Uranyl nitrate

Uranyl nitrate

Uranyl nitrate
Uranyl nitrate as yellow crystals
Ball-and-stick models of the ions present
IUPAC name
Other names
Uranium nitrate
ChemSpider  Y
Jmol-3D images Image
Molar mass 394.04 g/mol
Appearance yellow-green solid
Density 2.81 g/cm3
Melting point
Boiling point (decomposition)
g/100g H2O: 98 (0°C), 122 (20°C), 474 (100°C)[1]
Solubility in tributyl phosphate soluble
Safety data sheet External MSDS
Very Toxic T+
Dangerous for the Environment (Nature) N
R-phrases R51/53
S-phrases (S1/2), S20/21, S45, S61
Flash point Non-flammable
Lethal dose or concentration (LD, LC):
12 mg/kg (dog, oral)
238 (cat, oral)[2]
Related compounds
Other anions
Uranyl chloride
Uranyl sulfate
Except where otherwise noted, data are given for materials in their standard state (at 25 °C [77 °F], 100 kPa).
 Y  (: Y/N?)

Uranyl nitrate (UO2(NO3)2) is a water soluble yellow uranium salt. The yellow-green[3] crystals of uranium nitrate hexahydrate are triboluminescent.

Uranyl nitrate can be prepared by reaction of uranium salts with nitric acid. It is soluble in water, ethanol, acetone, and ether, but not in benzene, toluene, or chloroform.


  • Uses 1
  • Health and environmental issues 2
  • External links 3
  • References 4


During the first half of the 19th century, many photosensitive metal salts had been identified as candidates for photographic processes, among them uranyl nitrate. The prints thus produced were alternately referred to as uranium prints, urbanities, or more commonly uranotypes. The first uranium printing processes were invented by a Scotsman, J. Charles Burnett, between 1855 and 1857, and used this compound as the sensitive salt. Burnett, authored an 1858 article comparing "Printing by the Salts of the Uranic and Ferric Oxides" The basis for the process lies in the ability of the uranyl ion to pick up two electrons and reduce to the lower oxidation state of uranium(IV) under ultraviolet light. Uranotypes can vary from print to print from a more neutral, brown russet to strong Bartolozzi red, with a very long tone grade. Surviving prints are slightly radioactive, a property which serves as a means of non-destructively identifying them. Several other more elaborate photographic processes employing the compound sprung up and vanished throughout the second half of the century with names like Wothlytype, Mercuro-Uranotype and the Auro-Uranium process. Uranium papers were manufactured commercially at least until the end of the 19th century, vanishing in the face of the superior sensitivity and practical advantages of the silver halides. Nevertheless between the 1930s through the 1950s Kodak Books still described a uranium toner (Kodak T-9) using uranium nitrate hexahydrate. Some alternative process photographers including artists Blake Ferris and Robert Schramm continue to make uranotype prints today.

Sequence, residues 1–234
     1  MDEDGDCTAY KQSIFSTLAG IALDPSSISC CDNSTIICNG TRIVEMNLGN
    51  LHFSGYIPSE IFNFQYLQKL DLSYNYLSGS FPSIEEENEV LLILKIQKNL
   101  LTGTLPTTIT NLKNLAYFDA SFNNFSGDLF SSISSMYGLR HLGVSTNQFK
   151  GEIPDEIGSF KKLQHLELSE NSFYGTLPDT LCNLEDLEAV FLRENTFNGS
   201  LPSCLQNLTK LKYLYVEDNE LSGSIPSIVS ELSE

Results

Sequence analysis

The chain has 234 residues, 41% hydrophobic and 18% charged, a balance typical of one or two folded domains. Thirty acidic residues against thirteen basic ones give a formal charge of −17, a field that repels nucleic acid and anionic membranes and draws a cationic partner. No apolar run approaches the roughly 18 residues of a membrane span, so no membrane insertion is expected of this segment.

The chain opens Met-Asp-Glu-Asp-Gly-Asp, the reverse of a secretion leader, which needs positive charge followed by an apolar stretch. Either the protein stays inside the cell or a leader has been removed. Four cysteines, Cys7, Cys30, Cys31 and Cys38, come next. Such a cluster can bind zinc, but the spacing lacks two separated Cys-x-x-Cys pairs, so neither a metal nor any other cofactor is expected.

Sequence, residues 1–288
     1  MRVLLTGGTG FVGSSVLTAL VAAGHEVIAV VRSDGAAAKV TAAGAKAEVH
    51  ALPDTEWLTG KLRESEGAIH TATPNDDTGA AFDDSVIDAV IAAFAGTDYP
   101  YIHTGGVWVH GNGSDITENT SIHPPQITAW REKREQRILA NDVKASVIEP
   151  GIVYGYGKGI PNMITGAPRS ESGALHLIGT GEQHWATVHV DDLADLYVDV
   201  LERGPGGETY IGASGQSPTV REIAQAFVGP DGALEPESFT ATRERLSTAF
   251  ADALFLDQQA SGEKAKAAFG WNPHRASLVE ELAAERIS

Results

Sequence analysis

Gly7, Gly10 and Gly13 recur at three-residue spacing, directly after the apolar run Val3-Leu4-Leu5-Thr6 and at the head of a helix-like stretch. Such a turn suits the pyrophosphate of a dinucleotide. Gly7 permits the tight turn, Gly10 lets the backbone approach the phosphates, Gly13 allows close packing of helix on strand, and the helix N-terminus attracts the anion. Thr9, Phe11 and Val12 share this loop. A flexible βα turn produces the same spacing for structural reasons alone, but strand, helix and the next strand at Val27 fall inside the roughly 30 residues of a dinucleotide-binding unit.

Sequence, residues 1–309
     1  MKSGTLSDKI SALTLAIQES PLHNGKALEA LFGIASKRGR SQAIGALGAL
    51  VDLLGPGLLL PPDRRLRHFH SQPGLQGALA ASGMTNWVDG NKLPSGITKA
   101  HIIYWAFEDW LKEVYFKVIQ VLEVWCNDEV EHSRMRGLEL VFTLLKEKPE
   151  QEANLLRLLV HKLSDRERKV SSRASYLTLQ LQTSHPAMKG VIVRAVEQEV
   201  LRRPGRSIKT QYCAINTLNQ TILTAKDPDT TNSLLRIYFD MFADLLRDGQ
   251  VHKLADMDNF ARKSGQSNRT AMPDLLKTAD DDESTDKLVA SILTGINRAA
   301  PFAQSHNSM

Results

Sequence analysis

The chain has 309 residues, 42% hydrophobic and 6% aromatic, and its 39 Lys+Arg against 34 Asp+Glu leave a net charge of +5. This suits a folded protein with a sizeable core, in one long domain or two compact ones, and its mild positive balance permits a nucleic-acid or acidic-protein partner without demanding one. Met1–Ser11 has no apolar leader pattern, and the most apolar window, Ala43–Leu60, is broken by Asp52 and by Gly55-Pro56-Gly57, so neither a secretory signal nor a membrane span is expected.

Along with uranyl acetate it is used as a negative stain for viruses in electron microscopy; in tissue samples it stabilizes nucleic acids and cell membranes.

Uranyl nitrate was used to fuel Aqueous Homogeneous Reactors in the 1950s. However it proved too corrosive in this application, and the experiments were abandoned.

Uranyl nitrate is important for nuclear reprocessing; it is the compound of uranium that results from dissolving the decladded spent nuclear fuel rods or yellowcake in nitric acid, for further separation and preparation of uranium hexafluoride for isotope separation for preparing of enriched uranium.

Health and environmental issues

Uranyl nitrate is an oxidizing and highly toxic compound. When ingested, it causes severe kidneys, liver, lungs and brain. It also represents a severe fire and explosion risk when heated or subjected to shock in contact with oxidizable substances.

External links

  • URANIUM DAYS: Notes On Uranium Photography (2007 archive from archive.org)
  • Chemical Database – Uranyl nitrate, solid


  1. ^ http://ibilabs.com/uranium-uranyl-thorium-compounds/uranyl-compounds/uranyl-nitarte-hexahydrate/
  2. ^ "Uranium (soluble compounds, as U)". Immediately Dangerous to Life and Health.  
  3. ^ Roberts, D.E. and Modise, T.S. (2007). Laser removal of loose uranium compound contamination from metal surfaces. Applied Surface Science 253, 5258–5267.
Salts and covalent derivatives of the Nitrate ion
LiNO3 Be(NO3)2 B(NO3)4 C N O FNO3 Ne
NaNO3 Mg(NO3)2 Al(NO3)3 Si P S ClONO2 Ar
KNO3 Ca(NO3)2 Sc(NO3)3 Ti(NO3)4 VO(NO3)3 Cr(NO3)3 Mn(NO3)2 Fe(NO3)3 Co(NO3)2,
Ni(NO3)2 Cu(NO3)2 Zn(NO3)2 Ga(NO3)3 Ge As Se Br Kr
RbNO3 Sr(NO3)2 Y Zr(NO3)4 Nb Mo Tc Ru Rh Pd(NO3)2 AgNO3 Cd(NO3)2 In Sn Sb Te I Xe
CsNO3 Ba(NO3)2   Hf Ta W Re Os Ir Pt Au Hg2(NO3)2,
Tl(NO3)3 Pb(NO3)2 Bi(NO3)3 Po At Rn
Fr Ra   Rf Db Sg Bh Hs Mt Ds Rg Cn Uut Fl Uup Lv Uus Uuo
La Ce(NO3)3,
Pr Nd Pm Sm Eu Gd(NO3)3 Tb Dy Ho Er Tm Yb Lu
Ac Th Pa UO2(NO3)2 Np Pu Am Cm Bk Cf Es Fm Md No Lr